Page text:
Obama did not do this, as far as I know. But if he had done it I don’t think anybody would have noticed. This item, the last on Berkowitz’s list, seems like an idiosyncratic list-filler. (I also hated speech codes when I was in college, but has this issue popped up at all since 2008?)
So it seems that, depending on how you measure things, Obama fulfilled virtually all of Berkowitz’s criteria for bipartisanship.
And to add to the bad faith shown by the GOP, President Obama made further concessions to the GOP Congress by modifying the Healthcare Reform to be based not on Single-Payer but on Myth Romney Plan for healthcare in Massachusetts[which now Myth has disavowed], inviting in extra Republicans into his Cabinet, making tax cuts over a third of the Stimulus Plan promptly rejected by the GOP, and offering a continuing stream of plans that try to revive the economy using traditional GOP policy plans – all were scorned by the GOP.
In effect, the latest GOP floater is that Romney is tough and would not stand for this lack of bipartisanship if it were the Democrats rather than the Republicans. But even, that rings hollow because a)Romney’s own bipartisanship in Massachusetts faltered badly and b)as soon as Obama has used Executive Orders to get around an obstructionist Congress, the GOP is out complaining that Obama is running an imperial Presidency which can only be done legitimately by a Republican.
Paul Krugman in the NYTimes catches the flavor of this duplicitous and bullying GOP Congress.
If President Obama is re-elected, health care coverage will expand dramatically, taxes on the wealthy will go up and Wall Street will face tougher regulation. If Mitt Romney wins instead, health coverage will shrink substantially, taxes on the wealthy will fall to levels not seen in 80 years and financial regulation will be rolled back.
Given the starkness of this difference, you might have expected to see people from both sides of the political divide urging voters to cast their ballots based on the issues. Lately, however, I’ve seen a growing number of Romney supporters making a quite different argument. Vote for Mr. Romney, they say, because if he loses, Republicans will destroy the economy.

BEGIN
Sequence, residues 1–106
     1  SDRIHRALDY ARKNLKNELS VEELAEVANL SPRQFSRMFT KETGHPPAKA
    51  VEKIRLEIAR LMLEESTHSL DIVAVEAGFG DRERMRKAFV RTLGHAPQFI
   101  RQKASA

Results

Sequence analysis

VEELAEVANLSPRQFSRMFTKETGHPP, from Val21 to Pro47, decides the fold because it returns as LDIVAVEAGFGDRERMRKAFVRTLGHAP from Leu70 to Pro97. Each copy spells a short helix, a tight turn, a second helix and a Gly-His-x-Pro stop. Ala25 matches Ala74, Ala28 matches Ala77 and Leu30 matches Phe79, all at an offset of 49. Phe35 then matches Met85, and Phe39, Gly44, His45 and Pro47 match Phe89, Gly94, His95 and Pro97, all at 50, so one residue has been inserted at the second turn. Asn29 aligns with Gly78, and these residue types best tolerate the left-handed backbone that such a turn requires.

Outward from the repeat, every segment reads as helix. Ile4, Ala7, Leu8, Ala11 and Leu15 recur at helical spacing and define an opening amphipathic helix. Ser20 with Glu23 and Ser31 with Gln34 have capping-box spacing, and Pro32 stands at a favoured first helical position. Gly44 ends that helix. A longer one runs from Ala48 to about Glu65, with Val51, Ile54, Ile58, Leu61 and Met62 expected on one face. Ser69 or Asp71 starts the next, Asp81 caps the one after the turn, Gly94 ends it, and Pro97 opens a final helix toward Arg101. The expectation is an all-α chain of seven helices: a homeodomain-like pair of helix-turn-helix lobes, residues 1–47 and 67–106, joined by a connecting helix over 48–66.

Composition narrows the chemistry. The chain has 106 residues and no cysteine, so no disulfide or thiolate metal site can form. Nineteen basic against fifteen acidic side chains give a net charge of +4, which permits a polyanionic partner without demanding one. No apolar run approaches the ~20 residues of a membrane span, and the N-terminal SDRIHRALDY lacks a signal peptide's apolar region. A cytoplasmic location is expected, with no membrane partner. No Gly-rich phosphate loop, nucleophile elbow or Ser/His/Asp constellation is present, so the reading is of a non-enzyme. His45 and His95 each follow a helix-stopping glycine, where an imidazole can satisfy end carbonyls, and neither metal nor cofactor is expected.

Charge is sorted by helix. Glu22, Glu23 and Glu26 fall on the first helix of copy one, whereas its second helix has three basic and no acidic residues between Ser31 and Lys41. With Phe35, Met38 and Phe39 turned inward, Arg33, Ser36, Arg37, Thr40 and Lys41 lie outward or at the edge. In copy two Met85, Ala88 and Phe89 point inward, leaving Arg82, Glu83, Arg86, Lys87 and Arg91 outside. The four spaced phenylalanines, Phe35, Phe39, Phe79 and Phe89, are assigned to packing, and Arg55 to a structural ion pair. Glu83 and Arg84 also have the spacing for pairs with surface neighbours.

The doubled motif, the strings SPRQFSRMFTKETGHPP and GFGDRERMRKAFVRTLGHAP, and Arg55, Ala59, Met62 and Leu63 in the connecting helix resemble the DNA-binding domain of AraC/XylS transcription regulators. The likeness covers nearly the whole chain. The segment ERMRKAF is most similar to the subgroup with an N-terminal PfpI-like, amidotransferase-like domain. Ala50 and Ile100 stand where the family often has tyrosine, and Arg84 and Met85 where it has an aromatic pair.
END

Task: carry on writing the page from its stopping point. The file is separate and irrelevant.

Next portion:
O.K., they don’t quite put it that way. The argument is phrased in terms of “partisan gridlock,” as if both parties were equally extreme. But they aren’t. This is, in reality, all about appeasing the hard men of the Republican Party.
If you want an example of what I’m talking about, consider the remarkable — in a bad way — editorial in which The Des Moines Register endorsed Mr. Romney. The paper acknowledged that Mr. Obama’s signature economic policy, the 2009 stimulus, was the right thing to do. It also acknowledged that Mr. Obama tried hard to reach out across the partisan divide, but was rebuffed.
Yet it endorsed his opponent anyway, offering some half-hearted support for Romneynomics, but mainly asserting that Mr. Romney would be able to work with Democrats in a way that Mr. Obama has not been able to work with Republicans. Why? Well, the paper claims — as many of those making this argument do — that, in office, Mr. Romney would be far more centrist than anything he has said in the campaign would indicate. (And the notion that he has been lying all along is supposed to be a point in his favor?) But mostly it just takes it for granted that Democrats would be more reasonable.
But are we ready to become a country in which “Nice country you got here. Shame if something were to happen to it” becomes a winning political argument? I hope not…. But arguing for Mr. Romney on the grounds that he could get things done veers dangerously close to accepting protection-racket politics, which have no place in American life.
This is the same moral pointmade by Steve Kornackii at Salon – the US democracy can ill afford such a frontal attack on its principles and institutions.
Do you want to reward a GOP Congress that put party before country and stymied the recovery just to make the President look bad? You can ill afford to condone a GOP Congress that is in the protection-racket style of government. This then becomes a Congress that isin the racketeering business full montee – “Government doesn’t work unless we say so and exactly the way our friends in higher places want it to work – do you understand 47%-er?”Its goon-style politics that is a throwback to Tammany Hall and coercion of 120 years ago. And you have an opportunity to get rid of the political racketeering before it takes hold. Stand for US Democracy and throw the GOP Congress OUT.